Title

Social interaction with an alcohol-intoxicated peer alters behavior in adolescent male and female rats

Faculty Mentor

Dr. Antoniette Maldonado-Devincci

Department

Biology

Document Type

Poster

Publication Date

Spring 2019

Abstract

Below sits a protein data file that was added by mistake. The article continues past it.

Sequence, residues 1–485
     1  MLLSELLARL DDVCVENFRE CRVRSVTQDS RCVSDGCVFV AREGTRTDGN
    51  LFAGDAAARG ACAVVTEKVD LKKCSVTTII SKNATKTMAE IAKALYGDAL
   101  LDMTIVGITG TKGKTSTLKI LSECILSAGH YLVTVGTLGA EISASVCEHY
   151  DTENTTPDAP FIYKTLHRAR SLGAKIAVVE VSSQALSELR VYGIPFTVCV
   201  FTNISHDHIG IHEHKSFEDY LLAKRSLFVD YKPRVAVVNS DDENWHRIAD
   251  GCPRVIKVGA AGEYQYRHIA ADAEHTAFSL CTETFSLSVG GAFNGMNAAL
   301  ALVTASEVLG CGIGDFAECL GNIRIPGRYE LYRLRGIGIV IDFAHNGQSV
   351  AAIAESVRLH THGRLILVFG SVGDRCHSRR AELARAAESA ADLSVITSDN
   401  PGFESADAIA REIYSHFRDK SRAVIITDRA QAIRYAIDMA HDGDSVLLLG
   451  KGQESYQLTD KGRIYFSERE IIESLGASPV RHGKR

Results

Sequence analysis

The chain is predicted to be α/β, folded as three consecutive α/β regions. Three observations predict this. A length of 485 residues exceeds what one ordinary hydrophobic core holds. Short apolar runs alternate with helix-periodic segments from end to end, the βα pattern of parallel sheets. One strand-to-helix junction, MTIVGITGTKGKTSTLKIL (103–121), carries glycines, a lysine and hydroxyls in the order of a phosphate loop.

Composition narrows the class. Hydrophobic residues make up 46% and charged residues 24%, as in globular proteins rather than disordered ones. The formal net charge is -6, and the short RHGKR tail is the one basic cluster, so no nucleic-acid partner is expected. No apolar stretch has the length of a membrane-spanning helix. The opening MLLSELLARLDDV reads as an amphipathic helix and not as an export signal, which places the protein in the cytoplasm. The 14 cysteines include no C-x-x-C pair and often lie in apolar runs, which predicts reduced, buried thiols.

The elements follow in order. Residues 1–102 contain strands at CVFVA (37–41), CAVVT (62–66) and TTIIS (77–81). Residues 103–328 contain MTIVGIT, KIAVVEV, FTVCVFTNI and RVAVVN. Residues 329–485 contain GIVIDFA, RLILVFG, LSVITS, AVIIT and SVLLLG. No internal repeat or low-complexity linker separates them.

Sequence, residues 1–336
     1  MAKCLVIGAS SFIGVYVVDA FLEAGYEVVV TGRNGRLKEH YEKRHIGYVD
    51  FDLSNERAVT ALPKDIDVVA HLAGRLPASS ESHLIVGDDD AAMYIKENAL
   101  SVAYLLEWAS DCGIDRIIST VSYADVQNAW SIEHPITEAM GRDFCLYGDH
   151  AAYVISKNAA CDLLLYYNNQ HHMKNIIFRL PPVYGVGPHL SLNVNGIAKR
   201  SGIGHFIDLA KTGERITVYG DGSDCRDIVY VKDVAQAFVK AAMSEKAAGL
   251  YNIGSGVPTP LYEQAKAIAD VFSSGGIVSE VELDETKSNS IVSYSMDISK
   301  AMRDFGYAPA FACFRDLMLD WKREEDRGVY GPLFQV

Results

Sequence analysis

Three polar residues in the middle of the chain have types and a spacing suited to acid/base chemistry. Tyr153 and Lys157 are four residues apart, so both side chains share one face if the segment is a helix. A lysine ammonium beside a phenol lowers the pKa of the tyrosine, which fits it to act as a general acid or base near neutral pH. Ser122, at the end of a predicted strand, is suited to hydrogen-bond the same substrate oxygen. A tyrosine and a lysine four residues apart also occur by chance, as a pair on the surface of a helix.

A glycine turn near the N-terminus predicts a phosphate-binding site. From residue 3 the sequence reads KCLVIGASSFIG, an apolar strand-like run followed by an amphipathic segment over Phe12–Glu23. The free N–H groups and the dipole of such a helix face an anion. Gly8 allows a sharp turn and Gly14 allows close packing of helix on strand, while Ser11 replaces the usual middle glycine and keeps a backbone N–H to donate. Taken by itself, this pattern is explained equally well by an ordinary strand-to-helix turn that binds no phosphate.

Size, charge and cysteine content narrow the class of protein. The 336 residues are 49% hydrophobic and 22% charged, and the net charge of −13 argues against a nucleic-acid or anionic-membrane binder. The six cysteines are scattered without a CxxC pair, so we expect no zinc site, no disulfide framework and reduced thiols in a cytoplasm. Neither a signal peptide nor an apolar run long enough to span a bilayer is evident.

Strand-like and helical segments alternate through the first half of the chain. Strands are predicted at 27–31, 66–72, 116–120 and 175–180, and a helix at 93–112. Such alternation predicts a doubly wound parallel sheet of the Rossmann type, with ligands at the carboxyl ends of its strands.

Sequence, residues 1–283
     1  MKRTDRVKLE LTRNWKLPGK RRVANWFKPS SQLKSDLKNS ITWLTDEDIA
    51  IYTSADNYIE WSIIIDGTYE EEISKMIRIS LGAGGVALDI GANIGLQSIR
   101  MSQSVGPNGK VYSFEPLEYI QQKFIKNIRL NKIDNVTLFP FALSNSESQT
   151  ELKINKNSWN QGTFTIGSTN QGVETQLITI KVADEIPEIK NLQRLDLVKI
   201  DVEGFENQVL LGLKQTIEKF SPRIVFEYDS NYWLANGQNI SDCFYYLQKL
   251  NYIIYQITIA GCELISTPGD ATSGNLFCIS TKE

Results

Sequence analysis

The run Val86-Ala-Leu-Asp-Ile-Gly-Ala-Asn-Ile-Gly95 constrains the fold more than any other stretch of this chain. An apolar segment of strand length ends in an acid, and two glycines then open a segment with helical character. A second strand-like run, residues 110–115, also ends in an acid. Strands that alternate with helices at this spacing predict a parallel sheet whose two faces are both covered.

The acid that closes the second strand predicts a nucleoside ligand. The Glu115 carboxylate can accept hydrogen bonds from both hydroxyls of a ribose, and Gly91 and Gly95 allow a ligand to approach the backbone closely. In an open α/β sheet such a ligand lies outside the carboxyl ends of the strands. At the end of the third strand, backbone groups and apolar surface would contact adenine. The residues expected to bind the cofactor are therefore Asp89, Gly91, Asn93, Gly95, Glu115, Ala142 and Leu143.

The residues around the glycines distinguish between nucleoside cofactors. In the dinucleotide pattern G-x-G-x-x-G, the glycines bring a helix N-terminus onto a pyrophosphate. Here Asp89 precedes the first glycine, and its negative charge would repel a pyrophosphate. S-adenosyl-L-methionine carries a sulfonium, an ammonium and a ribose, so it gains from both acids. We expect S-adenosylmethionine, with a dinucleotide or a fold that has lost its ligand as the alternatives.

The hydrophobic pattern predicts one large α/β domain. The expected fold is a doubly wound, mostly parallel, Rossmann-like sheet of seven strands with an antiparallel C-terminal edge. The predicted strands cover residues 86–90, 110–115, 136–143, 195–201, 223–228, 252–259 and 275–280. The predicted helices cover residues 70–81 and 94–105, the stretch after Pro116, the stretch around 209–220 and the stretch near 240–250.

Alcohol readily facilitates social interactions and this effect plays an important role in adolescent drinking behaviors. During adolescence, there is an increase in social directed behavior in animals, which mimics adolescent human behavior. The goal of the present experiment was to conduct a detailed analysis of social and non-social behaviors that are altered following social interaction with an alcohol-intoxicated peer in adolescent male and female Sprague Dawley rats. Results show that ethanol intake and ethanol preference were increased in adolescent females, but not males, that socially interacted with an alcohol-intoxicated peer. We observed decreased social play and increased social contact in both males and females that socially interacted with an alcohol-intoxicated peer. Adolescent females that socially interacted with an alcohol-intoxicated peer showing greater social investigation relative to adolescent females that socially interacted with a non-intoxicated peer. In contrast, there were no differences in non-social behaviors, including rearing and self-grooming following social interaction with an alcohol-intoxicated peer. Together, these data indicate that the increase in ethanol intake observed in females that socially interacted with an alcohol-intoxicated peer may be due to changes in social investigation.

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